Becky Cable is a 46-year-old woman, living in a small village in western New York. Ahmad Akkad is a 4-year-old boy, from Dubai, a city in the United Arab Emirates (UAE).
And while their homes are about 7,000 miles apart, the two will be forever linked – because a palm-sized piece of Becky’s liver has saved Ahmad’s life through organ donation surgery.
“I feel like Ahmad is a part of me. He’s family now,” said Becky, who met Ahmad and his mother, Aya, for the first time at Cleveland Clinic, in Cleveland, Ohio. “He is just so beautiful and so healthy and so…alive!”
Born with a rare genetic disease called progressive familial intrahepatic cholestasis (PFIC), Ahmad first showed symptoms as a 2-year-old. He was jaundiced and suffering from severe itching, and his liver was rapidly deteriorating, causing a buildup of toxins in his bloodstream.
Referred by her son’s pediatrician to specialists at Cleveland Clinic Abu Dhabi in their home city, Aya and her husband, M Moustafa, were devastated to learn their then 2-year-old son would likely die without a liver transplant.
The Akkad's traveled from Abu Dhabi to Cleveland, Ohio, where a living liver donor match was found. (Courtesy: Aya Akkad)
In the United States, many organ transplant candidates remain on the transplant waiting list for a long period of time, facing the risk of death because there aren’t enough deceased donor organs. Living donor liver transplantation can give hope to patients who need a lifesaving transplant.
“It was so hard. Nothing was helping Ahmad at all,” recalled Aya. “But when we received the call that we had a donor, I was so happy. My son would have the chance to live in good health!”
That living donor match for Ahmad’s liver transplant was Becky, who had originally volunteered for organ donation when a close friend needed a liver transplant at Cleveland Clinic’s main campus. While that liver donor surgery never took place because the friend became too ill to receive a transplant, Becky agreed to remain on the donor list.
“I thought, ‘What’s the difference if I know the person or I don’t know the person?’” said Becky. “I’m willing to give if there’s anybody who needs it.”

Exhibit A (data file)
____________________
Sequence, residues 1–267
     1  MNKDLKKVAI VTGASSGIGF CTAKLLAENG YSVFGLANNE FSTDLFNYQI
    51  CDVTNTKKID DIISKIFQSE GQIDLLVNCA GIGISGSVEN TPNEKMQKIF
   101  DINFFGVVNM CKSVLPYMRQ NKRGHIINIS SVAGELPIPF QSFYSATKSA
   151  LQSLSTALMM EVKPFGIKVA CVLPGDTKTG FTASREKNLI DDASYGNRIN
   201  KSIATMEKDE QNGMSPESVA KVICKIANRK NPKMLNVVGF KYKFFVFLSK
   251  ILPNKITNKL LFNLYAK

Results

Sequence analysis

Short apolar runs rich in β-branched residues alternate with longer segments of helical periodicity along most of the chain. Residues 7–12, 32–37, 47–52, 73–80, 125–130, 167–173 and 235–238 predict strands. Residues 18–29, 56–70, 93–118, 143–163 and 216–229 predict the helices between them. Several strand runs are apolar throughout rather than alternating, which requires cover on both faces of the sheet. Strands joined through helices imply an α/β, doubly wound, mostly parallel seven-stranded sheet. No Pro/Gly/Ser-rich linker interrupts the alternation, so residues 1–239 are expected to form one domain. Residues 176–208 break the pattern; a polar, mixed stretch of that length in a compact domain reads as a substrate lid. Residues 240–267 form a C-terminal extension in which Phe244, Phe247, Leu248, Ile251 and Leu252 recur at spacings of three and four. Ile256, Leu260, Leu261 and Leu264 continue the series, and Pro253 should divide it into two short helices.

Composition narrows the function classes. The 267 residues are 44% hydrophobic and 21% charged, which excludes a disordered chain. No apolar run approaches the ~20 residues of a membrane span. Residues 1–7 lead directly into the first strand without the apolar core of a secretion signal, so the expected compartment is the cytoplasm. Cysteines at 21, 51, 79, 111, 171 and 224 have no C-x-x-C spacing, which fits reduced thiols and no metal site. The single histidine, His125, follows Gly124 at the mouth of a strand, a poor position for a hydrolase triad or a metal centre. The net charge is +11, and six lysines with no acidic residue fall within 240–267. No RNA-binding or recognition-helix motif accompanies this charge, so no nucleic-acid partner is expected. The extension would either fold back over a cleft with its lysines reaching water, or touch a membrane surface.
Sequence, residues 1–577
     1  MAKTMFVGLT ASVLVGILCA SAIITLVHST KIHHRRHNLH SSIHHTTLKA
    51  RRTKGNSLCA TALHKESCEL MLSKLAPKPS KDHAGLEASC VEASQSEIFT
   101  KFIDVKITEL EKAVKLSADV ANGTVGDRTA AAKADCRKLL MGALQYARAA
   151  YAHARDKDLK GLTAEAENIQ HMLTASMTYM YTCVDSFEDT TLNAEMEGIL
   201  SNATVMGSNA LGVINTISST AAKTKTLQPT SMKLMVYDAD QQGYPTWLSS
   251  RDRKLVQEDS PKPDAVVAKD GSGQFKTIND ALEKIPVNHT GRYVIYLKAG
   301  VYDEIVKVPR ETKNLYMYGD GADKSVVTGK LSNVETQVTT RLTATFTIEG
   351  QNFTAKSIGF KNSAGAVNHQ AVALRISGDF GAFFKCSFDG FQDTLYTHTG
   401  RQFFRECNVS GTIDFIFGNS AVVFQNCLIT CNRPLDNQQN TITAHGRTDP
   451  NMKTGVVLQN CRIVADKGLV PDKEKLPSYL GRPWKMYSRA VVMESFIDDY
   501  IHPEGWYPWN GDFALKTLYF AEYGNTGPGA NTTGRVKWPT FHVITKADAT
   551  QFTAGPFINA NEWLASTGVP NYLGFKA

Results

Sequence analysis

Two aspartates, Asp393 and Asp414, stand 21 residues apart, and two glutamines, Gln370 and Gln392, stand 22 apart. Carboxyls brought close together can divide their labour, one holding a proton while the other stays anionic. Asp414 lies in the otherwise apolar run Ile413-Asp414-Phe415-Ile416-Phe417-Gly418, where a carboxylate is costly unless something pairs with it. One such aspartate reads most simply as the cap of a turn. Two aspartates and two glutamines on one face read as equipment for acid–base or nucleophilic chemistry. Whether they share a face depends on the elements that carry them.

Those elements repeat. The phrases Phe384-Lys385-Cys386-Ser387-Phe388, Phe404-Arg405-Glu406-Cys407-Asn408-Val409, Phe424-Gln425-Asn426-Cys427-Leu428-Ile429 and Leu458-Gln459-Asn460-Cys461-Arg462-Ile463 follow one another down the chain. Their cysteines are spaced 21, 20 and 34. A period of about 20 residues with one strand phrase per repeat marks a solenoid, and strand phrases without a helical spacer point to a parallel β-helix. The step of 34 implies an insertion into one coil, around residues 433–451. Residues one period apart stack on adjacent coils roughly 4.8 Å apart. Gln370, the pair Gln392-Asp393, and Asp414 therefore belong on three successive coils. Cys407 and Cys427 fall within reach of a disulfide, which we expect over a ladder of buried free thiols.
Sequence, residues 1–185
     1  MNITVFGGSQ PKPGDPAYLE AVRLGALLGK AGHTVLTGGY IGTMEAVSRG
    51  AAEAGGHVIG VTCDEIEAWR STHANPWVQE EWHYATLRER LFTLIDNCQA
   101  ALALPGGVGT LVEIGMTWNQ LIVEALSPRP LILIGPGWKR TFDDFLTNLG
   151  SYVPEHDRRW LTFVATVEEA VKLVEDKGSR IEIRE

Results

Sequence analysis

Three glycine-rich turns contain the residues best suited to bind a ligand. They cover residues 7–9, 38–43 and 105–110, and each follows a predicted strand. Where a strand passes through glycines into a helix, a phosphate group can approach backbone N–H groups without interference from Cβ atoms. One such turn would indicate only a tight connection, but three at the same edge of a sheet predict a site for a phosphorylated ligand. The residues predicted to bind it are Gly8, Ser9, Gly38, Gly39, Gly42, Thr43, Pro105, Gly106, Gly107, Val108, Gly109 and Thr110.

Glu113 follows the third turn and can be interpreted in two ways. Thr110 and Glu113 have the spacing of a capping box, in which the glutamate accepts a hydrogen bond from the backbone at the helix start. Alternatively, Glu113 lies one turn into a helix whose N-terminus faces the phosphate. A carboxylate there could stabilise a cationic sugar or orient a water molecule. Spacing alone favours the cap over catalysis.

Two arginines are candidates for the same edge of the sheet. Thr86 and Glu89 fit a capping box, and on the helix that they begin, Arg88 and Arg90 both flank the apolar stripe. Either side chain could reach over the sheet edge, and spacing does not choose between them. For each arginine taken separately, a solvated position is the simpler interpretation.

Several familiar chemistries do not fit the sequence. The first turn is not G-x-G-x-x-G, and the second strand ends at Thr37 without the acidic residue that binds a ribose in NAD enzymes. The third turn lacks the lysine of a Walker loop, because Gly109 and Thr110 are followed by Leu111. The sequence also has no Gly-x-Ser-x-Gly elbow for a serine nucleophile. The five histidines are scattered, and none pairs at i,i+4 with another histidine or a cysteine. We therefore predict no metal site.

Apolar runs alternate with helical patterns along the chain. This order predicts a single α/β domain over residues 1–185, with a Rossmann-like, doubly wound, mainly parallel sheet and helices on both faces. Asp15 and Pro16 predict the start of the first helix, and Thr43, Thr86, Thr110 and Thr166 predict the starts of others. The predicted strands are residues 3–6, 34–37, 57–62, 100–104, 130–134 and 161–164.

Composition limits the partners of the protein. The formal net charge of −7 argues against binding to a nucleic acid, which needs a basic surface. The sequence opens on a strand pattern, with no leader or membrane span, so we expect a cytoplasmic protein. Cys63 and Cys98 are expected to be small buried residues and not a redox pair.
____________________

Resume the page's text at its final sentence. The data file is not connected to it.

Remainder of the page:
Becky Cable gives thumbs up before liver transplant surgery at Cleveland Clinic. (Courtesy: Becky Cable)
And Ahmad did indeed need a portion of her liver. They were a perfect match, so Becky drove the two hours to Cleveland to undergo the operation that harvested 20 percent of her liver (the donor’s remaining liver typically regenerates to replace the removed section within 6-8 weeks).
Meanwhile, Ahmad and Aya had made the long, 22-hour flight from UAE to Cleveland months prior, where Dr. Koji Hashimoto, a specialist in multiorgan transplants, removed Ahmad’s diseased liver and replaced it with the portion of Becky’s healthy organ. The harvest and transplant surgeries occurred simultaneously.
Dr. Koji Hashimoto was able to successfully replace Ahmad's deteriorating liver with a portion from a donor's liver. (Courtesy: Cleveland Clinic)
The transplant worked. As Aya described it, Ahmad was almost immediately transformed into an active toddler who hasn’t stopped moving: “He doesn’t like to sleep at all. He just wants to play and that’s a good thing. Every time I see him walking, running, playing, I think about his donor. And I want to thank her.”
Aya and Ahmad got the chance to thank Becky in person, on October 11, 2017, when they met for the very first time. Amid tears and laughter, the new friends expressed thanks for the blessings associated with giving and receiving.
Ava was able to meet Becky in person and thank her for her generous gift that saved her son's life. (Courtesy: Cleveland Clinic)
Aya exclaimed, “When I saw (Becky), I just wanted to go hug her. How can I thank her for this precious gift? Because of her generosity, she saved my son’s life.”
Ahmand, Aya, Becky and their families celebrate the successful transplant with the medical team at Cleveland Clinic. (Courtesy: Cleveland Clinic)
Digestive Disease & Surgery Institute ,
Cleveland Clinic Children's